The best way to make sure you can recover your precious photos and your important documents from an attack or device crash is to make regular backups to a removable storage device. External hard drives are very affordable and your computer has backup programs that make it easy to back up your data. Remember to disconnect the external storage device when the backup is complete to avoid the chance of your backup files being attacked and locked by CryptoWall 2.0 or any of the other copy-cat malicious viruses.

** Dropbox users – If you suspect you have inadvertently downloaded the malware onto your computer, immediately uninstall Dropbox (through Control Panel/Remove Programs) and access your files through the Dropbox website only. Crypto will encrypt your files on your computer and when Dropbox syncs it will sync your encrypted files.


How can I protect my computer – what precautions can I take?

1. DO NOT open any attachments that you are not expecting to receive.

It may appear to be from a friend, the bank, post office or other companies or government agency. If you are not expecting something, call the person or company and ask if they sent you something and what it is. Most times you will find that they did not send the email at all.

2. DO NOT click on any links in emails that you weren’t expecting, even if they came from a friend.

If they look like they are from your bank, PayPal, UPS or the Post Office, and especially if they are in your Junk/Spam folder. These are called “phishing” emails and they are trying to gain access to your private information. Don’t click – call them or go to the website directly and log in from there (www.paypal.com, www.yourbank.com, etc.).

3. DO keep your Anti-virus and Anti-Malware programs and definitions up to date and run scans frequently.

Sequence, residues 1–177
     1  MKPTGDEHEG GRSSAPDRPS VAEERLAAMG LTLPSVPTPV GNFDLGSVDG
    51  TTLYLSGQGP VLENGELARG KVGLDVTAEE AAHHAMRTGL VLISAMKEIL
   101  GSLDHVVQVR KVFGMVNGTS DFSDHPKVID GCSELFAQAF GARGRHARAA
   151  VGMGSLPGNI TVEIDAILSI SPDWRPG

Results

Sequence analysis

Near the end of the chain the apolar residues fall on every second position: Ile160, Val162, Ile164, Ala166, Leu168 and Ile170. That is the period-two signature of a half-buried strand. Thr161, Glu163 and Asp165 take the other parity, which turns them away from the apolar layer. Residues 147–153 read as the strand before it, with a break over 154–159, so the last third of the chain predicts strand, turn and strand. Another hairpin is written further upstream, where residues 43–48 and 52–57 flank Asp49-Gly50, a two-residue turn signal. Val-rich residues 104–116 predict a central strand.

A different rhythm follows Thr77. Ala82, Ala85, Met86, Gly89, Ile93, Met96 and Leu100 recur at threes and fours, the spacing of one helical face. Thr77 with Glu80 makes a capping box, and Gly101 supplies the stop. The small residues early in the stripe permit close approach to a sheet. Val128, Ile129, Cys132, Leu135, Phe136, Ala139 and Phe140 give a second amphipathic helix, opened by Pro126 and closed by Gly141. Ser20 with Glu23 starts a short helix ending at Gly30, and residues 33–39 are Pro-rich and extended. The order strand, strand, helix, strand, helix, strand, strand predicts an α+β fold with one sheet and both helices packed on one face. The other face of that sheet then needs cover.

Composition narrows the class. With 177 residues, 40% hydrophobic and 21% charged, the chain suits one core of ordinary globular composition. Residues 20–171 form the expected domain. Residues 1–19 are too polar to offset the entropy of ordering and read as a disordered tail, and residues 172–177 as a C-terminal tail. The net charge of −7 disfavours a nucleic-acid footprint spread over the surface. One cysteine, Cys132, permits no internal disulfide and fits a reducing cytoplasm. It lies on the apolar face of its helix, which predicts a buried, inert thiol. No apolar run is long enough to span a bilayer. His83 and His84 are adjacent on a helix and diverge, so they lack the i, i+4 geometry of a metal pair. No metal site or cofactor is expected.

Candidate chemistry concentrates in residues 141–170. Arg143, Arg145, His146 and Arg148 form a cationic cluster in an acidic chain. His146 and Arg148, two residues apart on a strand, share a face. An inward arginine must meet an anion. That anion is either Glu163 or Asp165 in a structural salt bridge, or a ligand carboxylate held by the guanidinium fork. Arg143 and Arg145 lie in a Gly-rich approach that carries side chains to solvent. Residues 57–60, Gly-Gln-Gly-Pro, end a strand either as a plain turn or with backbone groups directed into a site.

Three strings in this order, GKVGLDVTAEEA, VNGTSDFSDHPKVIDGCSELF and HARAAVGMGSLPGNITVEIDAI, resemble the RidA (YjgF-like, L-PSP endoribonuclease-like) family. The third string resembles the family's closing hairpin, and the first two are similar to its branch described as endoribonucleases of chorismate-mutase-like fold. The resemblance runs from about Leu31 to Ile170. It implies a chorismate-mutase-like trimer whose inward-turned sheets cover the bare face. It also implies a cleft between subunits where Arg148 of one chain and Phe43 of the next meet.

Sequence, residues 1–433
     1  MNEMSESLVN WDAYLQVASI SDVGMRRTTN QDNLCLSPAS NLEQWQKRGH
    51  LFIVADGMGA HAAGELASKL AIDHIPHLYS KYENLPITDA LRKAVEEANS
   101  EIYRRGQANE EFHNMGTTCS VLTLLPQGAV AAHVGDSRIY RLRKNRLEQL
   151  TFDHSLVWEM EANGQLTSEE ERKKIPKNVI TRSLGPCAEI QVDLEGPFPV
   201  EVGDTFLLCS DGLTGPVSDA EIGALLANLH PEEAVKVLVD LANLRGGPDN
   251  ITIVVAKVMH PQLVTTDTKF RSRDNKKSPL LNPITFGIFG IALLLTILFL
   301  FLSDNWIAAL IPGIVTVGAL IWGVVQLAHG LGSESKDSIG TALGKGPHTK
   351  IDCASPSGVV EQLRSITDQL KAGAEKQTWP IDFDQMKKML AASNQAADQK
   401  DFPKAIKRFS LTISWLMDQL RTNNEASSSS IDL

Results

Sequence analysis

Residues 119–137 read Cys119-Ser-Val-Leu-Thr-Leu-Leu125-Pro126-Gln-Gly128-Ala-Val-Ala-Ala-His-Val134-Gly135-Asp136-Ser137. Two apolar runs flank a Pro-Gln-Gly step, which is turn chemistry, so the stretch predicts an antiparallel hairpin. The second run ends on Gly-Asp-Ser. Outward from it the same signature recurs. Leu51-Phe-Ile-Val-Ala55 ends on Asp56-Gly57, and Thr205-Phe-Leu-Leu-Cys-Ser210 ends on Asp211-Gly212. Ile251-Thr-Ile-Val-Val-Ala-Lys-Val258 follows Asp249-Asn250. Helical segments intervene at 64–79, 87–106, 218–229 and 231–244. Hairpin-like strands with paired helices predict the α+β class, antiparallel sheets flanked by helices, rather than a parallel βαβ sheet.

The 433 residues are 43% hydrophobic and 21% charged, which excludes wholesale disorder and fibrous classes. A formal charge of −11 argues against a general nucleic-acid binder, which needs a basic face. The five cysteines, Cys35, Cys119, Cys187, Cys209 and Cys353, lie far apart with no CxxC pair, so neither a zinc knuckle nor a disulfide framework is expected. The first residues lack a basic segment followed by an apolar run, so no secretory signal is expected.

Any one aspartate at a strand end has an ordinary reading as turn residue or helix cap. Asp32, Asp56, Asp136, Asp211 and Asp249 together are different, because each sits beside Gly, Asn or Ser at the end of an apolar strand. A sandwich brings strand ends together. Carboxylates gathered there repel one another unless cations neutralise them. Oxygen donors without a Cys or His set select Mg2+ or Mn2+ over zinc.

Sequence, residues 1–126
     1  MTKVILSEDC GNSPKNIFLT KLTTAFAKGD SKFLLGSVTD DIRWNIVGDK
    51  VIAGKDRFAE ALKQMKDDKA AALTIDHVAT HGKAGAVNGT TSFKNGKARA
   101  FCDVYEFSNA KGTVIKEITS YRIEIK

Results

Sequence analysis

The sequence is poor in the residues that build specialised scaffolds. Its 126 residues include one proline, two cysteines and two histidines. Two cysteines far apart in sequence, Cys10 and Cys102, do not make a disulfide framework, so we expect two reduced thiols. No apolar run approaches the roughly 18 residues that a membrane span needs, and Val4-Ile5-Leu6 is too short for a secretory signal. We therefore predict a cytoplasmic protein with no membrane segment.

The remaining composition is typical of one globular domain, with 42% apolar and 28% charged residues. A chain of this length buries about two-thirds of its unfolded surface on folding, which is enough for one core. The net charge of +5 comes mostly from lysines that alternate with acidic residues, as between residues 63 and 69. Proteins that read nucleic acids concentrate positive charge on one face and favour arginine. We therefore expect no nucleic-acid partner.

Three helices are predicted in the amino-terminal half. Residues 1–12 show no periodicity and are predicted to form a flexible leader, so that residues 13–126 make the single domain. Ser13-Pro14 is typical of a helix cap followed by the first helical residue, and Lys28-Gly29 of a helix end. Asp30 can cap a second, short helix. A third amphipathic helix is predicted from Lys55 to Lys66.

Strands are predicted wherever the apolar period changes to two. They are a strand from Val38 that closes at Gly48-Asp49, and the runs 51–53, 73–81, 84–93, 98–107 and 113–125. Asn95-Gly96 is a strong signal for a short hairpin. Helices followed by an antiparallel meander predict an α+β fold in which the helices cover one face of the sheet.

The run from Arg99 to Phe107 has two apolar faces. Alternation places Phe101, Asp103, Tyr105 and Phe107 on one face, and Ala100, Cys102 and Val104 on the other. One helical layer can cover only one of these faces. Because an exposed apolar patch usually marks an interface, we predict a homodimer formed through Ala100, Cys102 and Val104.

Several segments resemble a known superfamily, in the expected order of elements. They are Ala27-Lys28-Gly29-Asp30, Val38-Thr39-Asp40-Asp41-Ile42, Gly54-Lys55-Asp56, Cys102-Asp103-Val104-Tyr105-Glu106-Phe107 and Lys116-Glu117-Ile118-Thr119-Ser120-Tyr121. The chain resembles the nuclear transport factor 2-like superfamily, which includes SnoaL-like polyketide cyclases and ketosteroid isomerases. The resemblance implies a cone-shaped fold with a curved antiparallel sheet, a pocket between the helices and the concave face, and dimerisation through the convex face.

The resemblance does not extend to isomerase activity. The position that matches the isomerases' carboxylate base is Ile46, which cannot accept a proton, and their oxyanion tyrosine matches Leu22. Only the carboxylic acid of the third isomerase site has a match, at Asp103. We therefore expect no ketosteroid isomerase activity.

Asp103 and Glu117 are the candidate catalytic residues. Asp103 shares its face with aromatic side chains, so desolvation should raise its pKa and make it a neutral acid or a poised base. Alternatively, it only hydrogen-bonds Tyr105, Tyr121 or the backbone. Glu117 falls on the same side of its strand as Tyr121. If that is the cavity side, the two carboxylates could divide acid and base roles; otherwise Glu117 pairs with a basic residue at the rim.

4. DO keep all software installed on your computer updated, especially your web browsers (Chrome, Firefox, Internet Explorer) and their plug-ins.

When there is an update it is most often to update a security vulnerability. The criminals that create the malicious programs and viruses are always updating their programs to attack at those insecure places.

 

What Can You Do Right Now?

 

  1. BACKUP your important files and photos – Buy a removable storage device right away if you don’t already have one. 
  2. RUN a complete scan of your computer using your Antivirus Program (I use AVG Free).
  3. RUN a complete scan of your computer using an AntiMalware Program (I use MalwareBytes).

 

 

It is my intention that this post equips you with the information you need to protect your computer data from a nasty attack. No need to be afraid of being online – information gives you the power to control your experience and keep your valuable information and photos safe.

I stress the importance of being extremely cautious of what you click on when reading email or advertisements online. It takes less than a second to open your files and photos up to some very damaging programs that can be very costly in time and money to repair.

 

Pam – PC Tutor Naples

 

Have you been tempted to open one of these files?

Leave your questions or concerns in the comments below. I will be happy to research answers for you.